• Shotaro Kaneda (金田 正太郎 Kaneda Shōtarō) – The anthology's main protagonist, Kaneda is a carefree gang-leader who boasts a custom-modified motorcycle. He and Tetsuo have been best friends since early childhood. He is brash and not above teasing Tetsuo despite feeling affection for him as a younger brother. Upon rescuing Kei, Kaneda becomes involved in the activities of her group of anti-government guerillas in hopes of locating Tetsuo.
  • Tetsuo Shima (島 鉄雄 Shima Tetsuo) – Kaneda's best friend since preschool and the second principal subject of the story's theme. Tetsuo is shown as a black sheep in the gang he and Kaneda are part of, and quietly suffers from a deeply rooted inferiority complex. He admires his friend yet at the same time strongly resents his own reliance upon him. After his psychokinetic abilities manifest, Tetsuo quickly becomes Kaneda's nemesis; he desires Kaneda's motorcycle (a symbol of status and power), and seeks to prove himself supremely powerful, without need of protection. Eventually, his power overwhelms him and the Espers are forced to awaken Akira to stop him.
  • Kei (ケイ) – A young female revolutionary whom Kaneda meets and becomes enamoured with on his quest to find Tetsuo. She is a member of an anti-government faction that Ryu and Nezu are also involved in. Although she does not possess preternatural abilities, Kei is employed by the espers as a type of medium on several occasions.
  • Colonel Shikishima (敷島大佐), also known as simply The Colonel – The head of the ongoing government project which was responsible for inadvertently unleashing Akira's power thirty years earlier.
  • The Espers – Masaru (マサル, codename "Number 27"), Takashi (タカシ, codename "Number 26") and Kiyoko (キヨコ, codename "Number 25") – Akira's fellow psychic test subjects kept in a perpetual yet aging childhood. They exhibit a variety of paranormal powers which they use to influence the course of events to the best of their ability. While individually of lesser strength than Akira or Tetsuo, their combined effort proves decisive in the story's final confrontation.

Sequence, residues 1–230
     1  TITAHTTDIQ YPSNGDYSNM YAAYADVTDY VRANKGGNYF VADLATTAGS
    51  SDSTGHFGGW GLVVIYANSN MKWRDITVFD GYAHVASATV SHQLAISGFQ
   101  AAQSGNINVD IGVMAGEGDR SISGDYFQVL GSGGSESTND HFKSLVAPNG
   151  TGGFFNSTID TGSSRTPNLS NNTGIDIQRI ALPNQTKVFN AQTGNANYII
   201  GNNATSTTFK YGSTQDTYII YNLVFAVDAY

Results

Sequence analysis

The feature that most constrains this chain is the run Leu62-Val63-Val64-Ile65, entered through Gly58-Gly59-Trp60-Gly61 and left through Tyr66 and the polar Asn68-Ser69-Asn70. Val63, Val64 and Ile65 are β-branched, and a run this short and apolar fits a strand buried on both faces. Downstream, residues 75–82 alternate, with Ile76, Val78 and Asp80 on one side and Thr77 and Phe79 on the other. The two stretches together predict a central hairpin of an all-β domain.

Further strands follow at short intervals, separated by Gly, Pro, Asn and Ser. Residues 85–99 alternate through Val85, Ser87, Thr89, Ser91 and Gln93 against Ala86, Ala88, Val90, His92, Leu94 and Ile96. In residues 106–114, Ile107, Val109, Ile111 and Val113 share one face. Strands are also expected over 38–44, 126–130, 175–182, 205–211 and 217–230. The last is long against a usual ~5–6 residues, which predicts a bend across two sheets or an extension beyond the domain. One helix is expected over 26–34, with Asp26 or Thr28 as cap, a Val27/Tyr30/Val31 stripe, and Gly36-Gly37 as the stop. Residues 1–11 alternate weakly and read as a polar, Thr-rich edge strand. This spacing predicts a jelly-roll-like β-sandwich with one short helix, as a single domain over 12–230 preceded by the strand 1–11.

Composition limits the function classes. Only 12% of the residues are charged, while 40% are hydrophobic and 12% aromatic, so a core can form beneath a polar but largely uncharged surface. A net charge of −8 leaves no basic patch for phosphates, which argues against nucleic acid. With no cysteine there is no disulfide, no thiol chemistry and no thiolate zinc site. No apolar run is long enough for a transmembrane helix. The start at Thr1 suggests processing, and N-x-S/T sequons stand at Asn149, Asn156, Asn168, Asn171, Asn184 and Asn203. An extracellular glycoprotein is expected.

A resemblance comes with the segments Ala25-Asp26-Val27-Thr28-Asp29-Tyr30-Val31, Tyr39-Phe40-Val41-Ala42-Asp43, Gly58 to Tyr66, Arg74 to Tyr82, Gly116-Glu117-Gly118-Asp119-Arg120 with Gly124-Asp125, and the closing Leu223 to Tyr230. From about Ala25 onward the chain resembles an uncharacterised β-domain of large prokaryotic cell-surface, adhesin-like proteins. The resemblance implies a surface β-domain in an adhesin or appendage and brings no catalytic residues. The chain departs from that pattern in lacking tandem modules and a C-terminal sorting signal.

• Nezu (根津) – A mole in the government, who is responsible for Takashi/Number 26's kidnapping.
  • Yamagata (山形) – One of the most prominent members of Kaneda's gang. He often derides Tetsuo, which leads to harsh feelings between them that will ultimately seal his fate.
  • Kai (甲斐) – Another member of Kaneda's gang, Kai plays an important supporting role in the eventual battle against Tetsuo. He appears to be close friends with Yamagata given that they remain together when the gang breaks up.
  • Kaori (カオリ) – Tetsuo's girlfriend. She stands by Tetsuo even though he treats her rather harshly sometimes, which ultimately leads to her demise.

Principal cast

Character Japanese English [Streamline] (1989) English [Pioneer] (2001)
Shotaro Kaneda Mitsuo Iwata Cam Clarke (Jimmy Flinders) Johnny Yong Bosch
Tetsuo Shima Nozomu Sasaki Jan Rabson (Stanley Gurd Jr.) Joshua Seth
Kei Mami Koyama Lara Cody (Deanna Morris) Wendee Lee
Ryusaku (Roy) Tesshō Genda Steve Kramer (Drew Thomas) Robert Buchholz (Robert Wicks)
Colonel Shikishima Tarō Ishida Tony Pope (Tony Mozdy) Jamieson K. Price (James Lyon)
Doctor Ōnishi Mizuho Suzuki Watney Held Simon Prescott (Simon Isaacson)
Kaori Yuriko Fuchizaki Barbara Goodson (Barbara Larsen) Michelle Ruff (Georgette Rose)
Yamagata Masaaki Ōkura Tony Pope (Tony Mozdy) Michael Lindsay (Dylan Tully)
Kai Takeshi Kusao Bob Bergen Matthew Mercer (Matt 'Masamune' Miller)
Masaru Kazuhiro Kamifuji Bob Bergen Cody MacKenzie
Takashi Tatsuhiko Nakamura Barbara Goodson (Barbara Larsen) Mona Marshall
Kiyoko Fukue Ito Melora Harte (Marilyn Lane) Sandy Fox
Miyako Kōichi Kitamura Steve Kramer (Drew Thomas) unknown
Nezu Hiroshi Ōtake Tony Pope (Tony Mozdy) Mike Reynolds (Ray Michaels)
Inspector Michihiro Ikemizu Bob Bergen unknown
Mitsuru Kuwata Yukimasa Kishino Bob Bergen unknown
Eiichi Watanabe Tarō Arakawa Jan Rabson (Stanley Gurd Jr.) unknown
Yūji Takeyama Masato Hirano Eddie Frierson (Christopher Mathewson) unknown
Army Kazumi Tanaka Steve Kramer (Drew Thomas) Kurt P. Wimberger
Harukiya bartender Yōsuke Akimoto Bob Bergen John Snyder (Ivan Buckley)


Akira Committee was the name given to a partnership of several major Japanese entertainment companies brought together to realize production of Akira. The group's assembly was necessitated by the unconventionally high budget and ambitious scale of the cinematic project, in order to achieve the desired epic standard equal to Otomo's manga tale.

Akira Committee consisted of:

The film was completed and released in 1988, two years before the manga storyline officially ended in 1990. Otomo had immense difficulty completing the manga; he has stated that the inspiration for its conclusion arose from a conversation that he had with Alejandro Jodorowsky in 1990, but Jodorowsky cannot recall what he said to Otomo.